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Visions Of Science Fiction Continues At Digital Gym Cinema

Film Geeks present ‘Fiend Without A Face’ on Feb. 4

Photo credit: MGM

Poster for "Fiend Without a Face" (1958) reveals advertising typical of 1950s science fiction films. The film screens as part of Film Geeks SD's Visions of Science Fiction at Digital Gym Cinema.

GUESTS:

Miguel Rodriguez, Film Geeks SD programmer

Beth Accomando, KPBS film critic

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Visions of Science Fiction

All films screen Mondays at 7:30 p.m. at Digital Gym Cinema

Jan. 7: “The Incredible Shrinking Man” (1957)

Feb. 4: “Fiend Without A Face” (1958)

March 4: “Quatermass and the Pit” (1967)

April 7: “Planet of the Apes” (1968)

May 6: “Latitude Zero” (1969)

June 3: “THX 1138” (1971)

July 8: “Silent Running” (1972)

Aug. 12: “A Boy and His Dog” (1975)

Sept. 9: “Logan's Run” (1976)

Oct. 7: “Hardware” (1990)

Nov. 4: “12 Monkeys” (1995)

Dec. 9: “Dark City” (1998)

As part of Film Geeks San Diego, a group of volunteer programmers at the Digital Gym Cinema, I will be co-presenting a film series called Visions of Science Fiction one Monday night a month. My co-programmer is Miguel Rodriguez of Horrible Imaginings Film Festival.

For the fifth year, Miguel Rodriguez of Horrible Imaginings Film Festival and I are volunteer programmers with Film Geeks SD. Our goal is to bring diverse film programming to San Diego and provide a context for the films we screen. We polled people on Facebook to get input on the theme of this year's film series and science fiction and pre-code Hollywood tied. The interest in sci-fi was diverse with people wanting everything from cheesy 1950s sci-fi to dystopian visions of the future.

The series continues on Feb. 4 with the 1958 cult classic "Fiend Without A Face."

Because we had requests for all different kinds of sci-fi we decided to present a year-long series that highlighted landmark films, under-appreciated gems, cult favorites and more. We will screen the films in chronological order so you can get a sense of how sci-fi evolved as a genre.

The film series opened with "The Incredible Shrinking Man" (1957), which showcases a smart script from author Richard Matheson based on his own book as well as wonderful special effects to show a world growing larger as the protagonist shrinks.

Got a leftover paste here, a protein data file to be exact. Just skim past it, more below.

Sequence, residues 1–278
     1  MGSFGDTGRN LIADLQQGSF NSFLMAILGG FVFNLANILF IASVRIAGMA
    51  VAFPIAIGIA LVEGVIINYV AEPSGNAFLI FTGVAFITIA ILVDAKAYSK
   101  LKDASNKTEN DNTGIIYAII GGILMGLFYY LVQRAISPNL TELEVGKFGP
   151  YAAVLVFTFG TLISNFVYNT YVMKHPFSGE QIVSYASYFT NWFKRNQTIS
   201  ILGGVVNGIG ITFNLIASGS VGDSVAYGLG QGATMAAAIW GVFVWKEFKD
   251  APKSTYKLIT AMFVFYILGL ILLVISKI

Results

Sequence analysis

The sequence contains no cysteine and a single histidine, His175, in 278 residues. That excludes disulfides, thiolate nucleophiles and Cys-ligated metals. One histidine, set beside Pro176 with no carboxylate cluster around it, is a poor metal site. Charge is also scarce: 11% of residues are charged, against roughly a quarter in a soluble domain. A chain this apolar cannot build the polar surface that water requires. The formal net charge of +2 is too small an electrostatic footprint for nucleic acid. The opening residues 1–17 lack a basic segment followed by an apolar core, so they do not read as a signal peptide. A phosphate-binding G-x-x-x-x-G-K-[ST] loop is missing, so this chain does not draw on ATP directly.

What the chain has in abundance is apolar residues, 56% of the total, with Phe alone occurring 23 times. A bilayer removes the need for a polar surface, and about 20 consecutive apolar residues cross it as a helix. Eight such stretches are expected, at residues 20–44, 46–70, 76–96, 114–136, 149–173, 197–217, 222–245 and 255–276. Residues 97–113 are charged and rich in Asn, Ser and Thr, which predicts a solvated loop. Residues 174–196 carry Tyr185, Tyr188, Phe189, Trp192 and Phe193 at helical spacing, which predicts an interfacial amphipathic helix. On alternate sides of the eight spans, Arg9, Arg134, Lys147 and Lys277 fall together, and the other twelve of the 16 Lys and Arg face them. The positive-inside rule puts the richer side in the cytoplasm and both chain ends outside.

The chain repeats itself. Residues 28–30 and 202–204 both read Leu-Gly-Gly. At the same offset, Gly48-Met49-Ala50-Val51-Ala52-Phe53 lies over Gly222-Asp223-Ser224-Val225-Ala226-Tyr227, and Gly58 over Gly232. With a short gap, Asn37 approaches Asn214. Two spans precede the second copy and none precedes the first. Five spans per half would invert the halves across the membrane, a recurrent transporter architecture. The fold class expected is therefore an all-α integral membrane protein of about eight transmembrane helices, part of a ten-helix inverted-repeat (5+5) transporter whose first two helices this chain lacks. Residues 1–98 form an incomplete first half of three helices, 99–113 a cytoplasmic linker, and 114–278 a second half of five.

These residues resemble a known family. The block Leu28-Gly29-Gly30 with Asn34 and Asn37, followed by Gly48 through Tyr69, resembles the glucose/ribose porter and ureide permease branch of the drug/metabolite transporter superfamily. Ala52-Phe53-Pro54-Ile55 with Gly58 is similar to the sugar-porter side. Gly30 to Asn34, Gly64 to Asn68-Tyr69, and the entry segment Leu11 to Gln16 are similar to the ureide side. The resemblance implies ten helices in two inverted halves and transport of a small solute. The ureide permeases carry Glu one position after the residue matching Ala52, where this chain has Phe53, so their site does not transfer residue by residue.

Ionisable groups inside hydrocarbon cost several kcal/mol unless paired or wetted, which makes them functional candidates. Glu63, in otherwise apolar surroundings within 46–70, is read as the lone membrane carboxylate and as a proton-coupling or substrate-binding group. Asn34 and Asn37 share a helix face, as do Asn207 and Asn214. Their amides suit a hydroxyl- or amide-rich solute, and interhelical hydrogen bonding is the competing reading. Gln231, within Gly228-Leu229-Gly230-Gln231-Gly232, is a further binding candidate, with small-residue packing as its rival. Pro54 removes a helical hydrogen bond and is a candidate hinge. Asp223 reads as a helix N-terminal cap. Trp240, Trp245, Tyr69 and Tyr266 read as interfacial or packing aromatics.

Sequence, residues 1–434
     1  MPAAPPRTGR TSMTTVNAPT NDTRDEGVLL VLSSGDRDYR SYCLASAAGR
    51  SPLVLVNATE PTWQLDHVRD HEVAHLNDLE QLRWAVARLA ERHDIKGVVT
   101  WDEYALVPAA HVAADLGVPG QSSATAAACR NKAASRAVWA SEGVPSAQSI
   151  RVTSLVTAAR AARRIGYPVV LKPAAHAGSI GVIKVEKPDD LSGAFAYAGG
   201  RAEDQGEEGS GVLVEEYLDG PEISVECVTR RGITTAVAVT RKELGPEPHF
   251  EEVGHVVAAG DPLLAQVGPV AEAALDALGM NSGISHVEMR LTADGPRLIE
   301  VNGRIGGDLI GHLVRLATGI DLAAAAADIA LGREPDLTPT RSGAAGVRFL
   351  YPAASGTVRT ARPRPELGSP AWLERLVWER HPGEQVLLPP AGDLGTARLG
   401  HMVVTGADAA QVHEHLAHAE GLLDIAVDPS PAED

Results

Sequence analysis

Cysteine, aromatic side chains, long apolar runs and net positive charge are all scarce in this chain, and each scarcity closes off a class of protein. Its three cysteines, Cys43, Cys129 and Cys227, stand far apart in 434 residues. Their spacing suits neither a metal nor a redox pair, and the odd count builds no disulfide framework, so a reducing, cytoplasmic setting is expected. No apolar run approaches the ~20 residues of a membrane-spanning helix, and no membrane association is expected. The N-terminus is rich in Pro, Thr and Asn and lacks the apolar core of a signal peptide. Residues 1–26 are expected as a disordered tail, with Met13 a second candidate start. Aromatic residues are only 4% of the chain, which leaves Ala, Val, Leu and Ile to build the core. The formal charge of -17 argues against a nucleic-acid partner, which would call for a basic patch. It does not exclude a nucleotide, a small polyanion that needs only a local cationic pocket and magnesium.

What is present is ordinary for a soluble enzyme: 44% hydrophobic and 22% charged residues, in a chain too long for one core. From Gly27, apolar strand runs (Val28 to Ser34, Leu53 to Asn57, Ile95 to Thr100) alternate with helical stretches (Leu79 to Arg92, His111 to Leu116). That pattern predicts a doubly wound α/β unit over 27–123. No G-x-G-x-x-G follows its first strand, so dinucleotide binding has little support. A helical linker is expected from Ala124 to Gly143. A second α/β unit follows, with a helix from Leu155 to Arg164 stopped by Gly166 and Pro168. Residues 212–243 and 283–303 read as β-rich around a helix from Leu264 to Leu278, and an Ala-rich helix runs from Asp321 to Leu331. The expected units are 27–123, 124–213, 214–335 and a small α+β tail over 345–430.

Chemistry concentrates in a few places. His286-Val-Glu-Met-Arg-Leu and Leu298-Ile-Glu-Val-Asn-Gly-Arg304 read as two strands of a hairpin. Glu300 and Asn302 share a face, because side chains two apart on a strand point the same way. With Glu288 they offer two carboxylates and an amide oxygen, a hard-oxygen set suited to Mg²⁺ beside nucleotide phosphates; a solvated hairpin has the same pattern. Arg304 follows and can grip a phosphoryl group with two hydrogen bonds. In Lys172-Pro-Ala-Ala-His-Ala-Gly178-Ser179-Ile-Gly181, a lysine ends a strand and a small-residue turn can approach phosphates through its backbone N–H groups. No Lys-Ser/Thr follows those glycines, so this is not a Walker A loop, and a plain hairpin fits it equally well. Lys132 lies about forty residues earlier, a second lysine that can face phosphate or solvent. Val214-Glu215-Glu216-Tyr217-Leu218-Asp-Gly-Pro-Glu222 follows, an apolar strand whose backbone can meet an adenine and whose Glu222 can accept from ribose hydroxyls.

Rodriguez explained why he picked the film for the series: "If you get past the obvious, which are the great special effects to show how this person has been shrinking and all the mundane objects at huge size, honestly you have an amazing script based on Richard Matheson's story and a legendary person who wrote the story to start with, and you have this highly strange and a typical ending that has really thrown people off since it got made in 1957 and it's not your typical Hollywood ending. It is something far more existential. And this is what I love about it."

Two of the other films Rodriguez pushed for in the series reflect a crazier side of science fiction, a side that is less about science and more about cult appeal. "Fiend Without A Face" (1958 with some of the most endearingly low budget and clever special effects) and "Latitude Zero" (1969) offer some of the most insane imagery the genre has to offer.

"'Latitude Zero' is one of the films I have been pushing for so hard for so long because it is one of my favorite bizarre films. It is directed by Ishiro Honda who directed most of the earlier Godzilla films and giant kaiju films from Japan and Toho Studios, and this is also from Toho but it is a science fiction film based on a book and in it you've got two larger than life classic Hollywood stars, Joseph Cotton [of "Citizen Kane" and "Shadow of a Doubt"] versus Cesar Romero [the Joker of the Batman TV series]. Giant monsters, wild undersea battles, if you can name it, it is in this movie."

The films I pushed for came from the 1970s and help define my love for sci-fi: "THX 1138" (1971 and George Lucas feature directing debut) and "Silent Running" (1972 and the directing debut of special effects master Douglas Trumball). Both depict a dystopian future of very different kinds. Lucas served up a mix of Orwell, Huxley and the French New Wave whereas Trumball takes us to outer space where an astronaut defies orders to destroy the last of Earth's plant life kept in a greenhouse dome aboard a spacecraft.

I have a penchant for dystopian sci-fi and am thrilled that the series also includes "Planet of the Apes" (1968), "A Boy and His Dog" (1975 and starring Don Johnson), "12 Monkeys" (1995) and one of my all-time favorites, the gorgeous noir-infused "Dark City" (1999).

For the series, Rodriguez and I tried to avoid the more obvious picks of films such as "2001," "The Day the Earth Stood Still," "Alien" or "Blade Runner" because those films tend to be shown a lot and even on the big screen. With only 12 slots to fill we had an incredibly hard time choosing titles but were happy to include some rare gems like the British "Quartermass and the Pit" (1967 and also known as "5 Million Years to Earth").

Films screen at 7:30 p.m., Mondays at Digital Gym Cinema.

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